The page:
LinkedIn's Dan Nye Speaks!
The rumors have been a-flyin’ recently about the reported talks between LinkedIn and News Corp.
Billing itself as the “professional” social network, the serious cousin to the party-hearty twins of MySpace and Facebook, the LinkedIn service is squarely aimed at those with a task in mind from networking to recruiting to career advancement.
In many ways, it is trying to be a business classified service with online presence and connection elements woven in. LinkedIn execs, in fact, throw around the term, “productivity tool,” much in the same way Facebook likes to talk about the joys of “SuperPoking” (by the way, not so joyful to adults).
With 16 million users from all sorts of sectors and spread out globally, LinkedIn getting a look-see by News Corp. makes a lot of sense. It just bought Dow Jones (owner of this site) and its flagship business newspaper The Wall Street Journal, and owns many newspapers, all of which need an online answer to the diminishing print employment-classified business.
In any case, I talked to newly installed LinkedIn CEO Dan Nye recently (before the recent rumors) about the company:
(I still am having problems with the Brightcove player, so I uploaded the video to YouTube.)
Better still, LinkedIn–which was founded by serial entrepreneur Reid Hoffman–actually makes some money on its premium services and listings, with revenues of $10 million in 2006. Company execs predict that revenue will grow to $75 million to $100 million next year.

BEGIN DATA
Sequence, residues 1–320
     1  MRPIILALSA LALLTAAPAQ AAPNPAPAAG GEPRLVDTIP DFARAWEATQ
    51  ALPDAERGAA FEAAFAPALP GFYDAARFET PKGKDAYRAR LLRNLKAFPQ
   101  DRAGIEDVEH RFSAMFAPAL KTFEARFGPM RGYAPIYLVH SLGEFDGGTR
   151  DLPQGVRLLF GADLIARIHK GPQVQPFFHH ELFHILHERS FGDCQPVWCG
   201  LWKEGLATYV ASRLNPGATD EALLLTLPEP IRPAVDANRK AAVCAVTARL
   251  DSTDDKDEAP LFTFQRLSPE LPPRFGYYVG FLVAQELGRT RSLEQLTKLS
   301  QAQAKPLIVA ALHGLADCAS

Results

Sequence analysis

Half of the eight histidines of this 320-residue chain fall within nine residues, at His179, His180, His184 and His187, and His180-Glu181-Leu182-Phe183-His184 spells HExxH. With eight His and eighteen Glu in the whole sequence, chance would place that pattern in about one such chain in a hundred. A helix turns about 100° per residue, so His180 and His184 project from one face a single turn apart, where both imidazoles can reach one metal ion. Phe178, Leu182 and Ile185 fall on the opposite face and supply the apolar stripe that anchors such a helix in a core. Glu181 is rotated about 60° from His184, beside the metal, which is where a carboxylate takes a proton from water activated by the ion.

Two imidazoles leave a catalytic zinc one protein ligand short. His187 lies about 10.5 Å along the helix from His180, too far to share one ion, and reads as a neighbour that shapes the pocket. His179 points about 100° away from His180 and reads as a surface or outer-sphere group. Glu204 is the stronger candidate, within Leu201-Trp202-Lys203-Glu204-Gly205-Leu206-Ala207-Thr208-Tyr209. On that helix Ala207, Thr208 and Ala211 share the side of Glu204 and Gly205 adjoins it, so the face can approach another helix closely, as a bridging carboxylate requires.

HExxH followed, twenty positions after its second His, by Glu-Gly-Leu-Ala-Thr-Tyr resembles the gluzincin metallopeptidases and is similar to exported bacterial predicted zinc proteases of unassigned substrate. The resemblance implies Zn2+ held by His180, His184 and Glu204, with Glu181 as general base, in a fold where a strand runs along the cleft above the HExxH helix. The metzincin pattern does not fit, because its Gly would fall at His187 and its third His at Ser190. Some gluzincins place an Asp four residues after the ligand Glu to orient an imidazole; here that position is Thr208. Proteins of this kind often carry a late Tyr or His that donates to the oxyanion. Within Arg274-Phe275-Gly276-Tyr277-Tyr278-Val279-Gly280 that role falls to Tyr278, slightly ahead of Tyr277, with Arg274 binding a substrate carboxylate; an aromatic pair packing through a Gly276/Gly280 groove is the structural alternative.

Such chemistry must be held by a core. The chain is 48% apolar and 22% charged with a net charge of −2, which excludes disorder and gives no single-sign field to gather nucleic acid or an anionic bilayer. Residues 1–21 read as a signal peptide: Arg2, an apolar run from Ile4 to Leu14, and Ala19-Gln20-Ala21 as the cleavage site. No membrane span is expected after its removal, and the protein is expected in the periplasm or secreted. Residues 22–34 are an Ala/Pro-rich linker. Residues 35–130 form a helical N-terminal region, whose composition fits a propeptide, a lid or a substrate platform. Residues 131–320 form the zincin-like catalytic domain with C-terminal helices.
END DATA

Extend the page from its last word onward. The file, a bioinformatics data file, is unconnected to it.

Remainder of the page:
That’s pocket change to a giant like News Corp., of course, although figures floated for the deal top $1 billion–a lofty number whose floaters are probably its investors looking to cash in.
That might be too pricey for News Corp., whose efforts in the arena are apparently being led by Executive Vice President Jeremy Philips. It has also looked at similar companies like Germany’s Xing (before the News Corp. purchase, Dow Jones was also reportedly eyeing Xing) and other such sites.
In addition, Hoffman and others at LinkedIn have talked about an IPO.
That possibility and any acquisition remains to be seen. LinkedIn Nye, who took over from Hoffman recently (the founder remains the company’s chairman), seems pretty confident.
In a piece published yesterday, Nye told Fortune’s Adam Lashinsky that it would take “a helluva lot” to get LinkedIn off the independent path. Well, we’ll see what a helluva weighs, I guess.